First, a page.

How I travel Part 2: the software

Having discovered the hardware that keeps me productive on the move, what of the software?

In my last article, I took a dive into my travel bag as to the hardware that I carry that keeps me productive while on the move, whether in the air, on a train or in a car. Hardware is only half the story. The software that supports this lifestyle is probably more important. With this article I will go through what has evolved to what works well for me.

If you recall, I have 3 primary devices that I hop between; laptop, tablet and the good old mobile phone. What I have learned over the years is that data needs to move seamlessly (in other words without me exporting/importing) between them all and be in such a way that I am never without the piece of data I need.

I have three types of data I handle on a professional basis and each type has their own life cycle.

  1. Proprietary portfolio data — this is typically source code, scripts and documentation that is handled in a conventional version control system, such as SVN or GIT.
  2. Documentary data — this is the usual document, spreadsheet and presentation content. Meeting updates, thought/vision pieces.
  3. General scratch files — files that don’t have a long life cycle.

When I am working on any type of document, Google Docs is my instant goto. I absolutely love Google Docs and it has matured over the years beautifully. Contrary to popular belief it works extremely well offline. I am using Google Docs at this precise moment, on my tablet, at 35000 ft, with no Internet access. The Google Docs apps for Android works very well, syncing up when a network is available automatically. Having all my documents on Google Docs I know where they are, and instantly available, even if i have to borrow someone’s browser to pop on and access.

The collaboration feature of Google Docs is second to none. I have tried many a multi-user experience service, but Google has got this right, services like Office365 are still way behind in this area. Ever found yourself in an endless email chain of edit-by-email-attachment game? Then it always ends up in the merge hell at the end, because at some point, someone has edited out of sequence. Google Docs eliminates this completely and you can see in real time as people contribute to the document at the exact same time.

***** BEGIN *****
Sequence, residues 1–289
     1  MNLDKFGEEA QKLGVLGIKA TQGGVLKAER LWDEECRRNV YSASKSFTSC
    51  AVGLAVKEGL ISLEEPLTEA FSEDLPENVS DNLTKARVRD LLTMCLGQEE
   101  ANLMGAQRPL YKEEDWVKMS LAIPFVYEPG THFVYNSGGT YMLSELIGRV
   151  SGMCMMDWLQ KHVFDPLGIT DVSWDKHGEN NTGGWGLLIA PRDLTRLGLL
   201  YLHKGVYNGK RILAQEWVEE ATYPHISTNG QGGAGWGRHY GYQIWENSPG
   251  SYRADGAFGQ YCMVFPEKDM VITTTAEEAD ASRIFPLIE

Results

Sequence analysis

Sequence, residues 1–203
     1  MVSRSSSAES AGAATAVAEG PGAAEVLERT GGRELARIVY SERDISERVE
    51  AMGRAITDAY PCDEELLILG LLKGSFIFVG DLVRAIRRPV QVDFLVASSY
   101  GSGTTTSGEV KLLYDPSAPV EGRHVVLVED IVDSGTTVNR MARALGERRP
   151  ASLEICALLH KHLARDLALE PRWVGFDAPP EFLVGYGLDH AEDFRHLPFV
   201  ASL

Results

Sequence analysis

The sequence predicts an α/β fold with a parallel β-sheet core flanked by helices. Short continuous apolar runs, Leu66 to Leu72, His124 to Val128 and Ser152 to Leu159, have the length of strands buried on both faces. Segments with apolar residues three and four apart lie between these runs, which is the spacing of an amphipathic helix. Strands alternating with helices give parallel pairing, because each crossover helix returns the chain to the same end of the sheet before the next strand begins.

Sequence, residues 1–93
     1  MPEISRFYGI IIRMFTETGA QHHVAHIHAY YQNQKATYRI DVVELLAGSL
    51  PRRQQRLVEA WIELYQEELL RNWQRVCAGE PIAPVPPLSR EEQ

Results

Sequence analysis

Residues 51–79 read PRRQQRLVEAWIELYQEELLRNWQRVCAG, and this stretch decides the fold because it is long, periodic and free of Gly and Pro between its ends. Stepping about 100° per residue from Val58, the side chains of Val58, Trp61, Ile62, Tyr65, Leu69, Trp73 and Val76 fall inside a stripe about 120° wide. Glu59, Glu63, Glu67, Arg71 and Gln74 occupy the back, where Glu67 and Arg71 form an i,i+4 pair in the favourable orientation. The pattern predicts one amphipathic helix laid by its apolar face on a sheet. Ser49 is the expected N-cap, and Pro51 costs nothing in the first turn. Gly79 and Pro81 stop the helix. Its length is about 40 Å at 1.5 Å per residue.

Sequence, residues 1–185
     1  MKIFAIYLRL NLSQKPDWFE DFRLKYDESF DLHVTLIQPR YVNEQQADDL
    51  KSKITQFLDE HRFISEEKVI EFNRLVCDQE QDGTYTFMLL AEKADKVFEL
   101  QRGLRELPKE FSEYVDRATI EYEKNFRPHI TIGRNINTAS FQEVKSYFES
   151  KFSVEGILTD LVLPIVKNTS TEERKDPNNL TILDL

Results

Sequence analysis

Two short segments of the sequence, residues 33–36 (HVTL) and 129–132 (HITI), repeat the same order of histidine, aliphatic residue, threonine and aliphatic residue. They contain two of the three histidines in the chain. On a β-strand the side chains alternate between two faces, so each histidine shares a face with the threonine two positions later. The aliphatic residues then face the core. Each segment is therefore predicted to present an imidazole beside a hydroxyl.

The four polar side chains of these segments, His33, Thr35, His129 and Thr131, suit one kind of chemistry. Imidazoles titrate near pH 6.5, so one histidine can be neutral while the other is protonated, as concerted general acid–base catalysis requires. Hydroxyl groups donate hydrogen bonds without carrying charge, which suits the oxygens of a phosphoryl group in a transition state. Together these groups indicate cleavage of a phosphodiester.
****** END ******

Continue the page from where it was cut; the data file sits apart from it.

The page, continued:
So this covers anything from a word document, spreadsheets right through to preparing a presentation. While I have Microsoft Office on my laptop, the only time that ever gets opened up is when I receive an email attachment from someone that is still living in the past.

Speaking of email — we use Office365 at ParkerGale. While I am a big Google fan, the one place that Microsoft has really done well, is group calendaring. Outlook is our email client of choice on the laptop, with the Outlook app doing an admirable job on the tablet and phone. It syncs between all devices seamlessly with no reported problems.

We use Slack for internal chat system. Slack works extremely well on the move with their mobile apps. Slack has reduced the number of emails and texts that are sent dramatically. It is also wonderfully bandwidth friendly — you never get into the reply-of-a-reply-of-a-reply and what should be a two letter response “ok” is in fact 100s of KB of data and that’s before all the repeated email signatures and dead noise.

DropBox is where I put my files. I have the 1TB account which means I don’t have to worry about running out of space. I keep most of my life there; every bill, statement etc is scanned and placed here. I rarely keep the paper version of anything, as soon as it’s scanned it’s shredded. This allows me to handle the vast majority of any issue that would arise while on the road knowing I have all the information at my finger tips.